"Farmers are fearful of their lives, of their children's lives," Yates said. "And they're watching species like wolves sport-hunting their dairy cows."

Dave Owen, professor of environmental law at the University of California Hastings, said keeping species listed is key to their full recovery.

"Most hover on life support. The longer they're listed, they get gradually better," he said.

The act has prevented extinction for species including the grizzly bear, the peregrine falcon and the gray wolf.

endangered species act logger
"How many acres do we really need to keep aside to save these species?" said Danny Dructor of the American Logger Council.

Reform #2: "Designated critical habitat"

The Trump administration is also targeting "designated critical habitat." As the act stands, businesses and developers have to consider not only the habitat of the creature, but also its future habitat where it may have to migrate to recover. If a business intends to work in that area, it must consult with the FWS. That can take two years.

"Projects routinely get adjusted," said Owen. "There's a ton of deal-making and negotiation and accommodation. But projects almost never get stopped."

But the habitats are often big and loosely defined, said Rob Henneke, general counsel at the Texas Public Policy Foundation, a conservative think tank.

Henneke is consulting on a lawsuit concerning a listed bird, the golden-cheeked warbler. In central Texas, he said, the bird spans 28 counties, and its habitat is five or six times greater than it was before recovery. He said that the FWS has never specifically defined what the protected habitat is, but that anyone with cedar trees on their property runs a risk of a penalty for developing on their land or for clearing trees.

"It limits the potential for the land," Henneke said. "The current act is punitive for disturbing a species. The effect is that it gives a disincentive to landowners to conserve."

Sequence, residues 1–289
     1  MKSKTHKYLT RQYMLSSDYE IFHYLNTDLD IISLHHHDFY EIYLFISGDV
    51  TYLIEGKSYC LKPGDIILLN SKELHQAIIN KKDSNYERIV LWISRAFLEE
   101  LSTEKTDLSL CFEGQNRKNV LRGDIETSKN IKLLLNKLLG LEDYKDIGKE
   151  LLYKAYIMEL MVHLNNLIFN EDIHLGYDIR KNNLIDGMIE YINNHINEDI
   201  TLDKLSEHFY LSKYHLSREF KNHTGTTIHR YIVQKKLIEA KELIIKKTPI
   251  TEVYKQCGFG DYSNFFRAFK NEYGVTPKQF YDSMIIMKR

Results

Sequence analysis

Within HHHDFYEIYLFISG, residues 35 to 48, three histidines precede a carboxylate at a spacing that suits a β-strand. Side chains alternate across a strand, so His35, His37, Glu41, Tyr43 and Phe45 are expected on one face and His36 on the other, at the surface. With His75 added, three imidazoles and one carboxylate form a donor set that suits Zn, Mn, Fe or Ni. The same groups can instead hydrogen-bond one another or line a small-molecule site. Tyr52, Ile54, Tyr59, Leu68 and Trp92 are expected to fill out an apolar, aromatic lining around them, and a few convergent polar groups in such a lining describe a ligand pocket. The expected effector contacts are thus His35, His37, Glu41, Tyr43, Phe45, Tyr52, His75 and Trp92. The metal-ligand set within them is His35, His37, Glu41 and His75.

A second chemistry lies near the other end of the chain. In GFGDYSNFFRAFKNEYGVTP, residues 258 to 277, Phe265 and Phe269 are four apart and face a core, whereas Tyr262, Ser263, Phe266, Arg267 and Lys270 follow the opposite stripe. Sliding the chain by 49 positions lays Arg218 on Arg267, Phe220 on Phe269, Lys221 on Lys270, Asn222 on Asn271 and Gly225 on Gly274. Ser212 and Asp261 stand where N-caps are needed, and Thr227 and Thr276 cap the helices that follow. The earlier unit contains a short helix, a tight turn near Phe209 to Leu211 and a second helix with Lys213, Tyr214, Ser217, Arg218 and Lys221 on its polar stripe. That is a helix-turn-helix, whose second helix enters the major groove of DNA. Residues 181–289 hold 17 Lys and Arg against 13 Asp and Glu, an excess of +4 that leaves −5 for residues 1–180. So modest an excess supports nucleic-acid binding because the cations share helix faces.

"It shouldn't be the role of the federal government to regulate every living and breathing thing in our country."

Economic value of the ESA

Supporters of the Endangered Species Act say having protected habitats helps the economy — increasing land value, recreational space and water quality.

And conserving species has direct economic value. Some, like salmon, are commodities. Others, like wolves, drive tourism.

Yellowstone National Park, where the wolves can be seen, hosts millions of visitors yearly. Other species are of value for scientific and medical purposes, such as the Pacific Yew Tree, key to a breast cancer drug called taxol.

Owen, the attorney, also pointed to the Tellico Dam project in Tennessee, which was halted by the Supreme Court because of a 3-inch protected fish called the snail darter. In 1979, Congress and President Jimmy Carter passed an exemption to the Endangered Species Act and the project went ahead. By 1982, the dam wasn't producing any electricity -- or economic value -- and ever since, it's been used for other purposes.

The Trump administration proposed the changes July 19. After a two-month public comment period the government will make a final decision.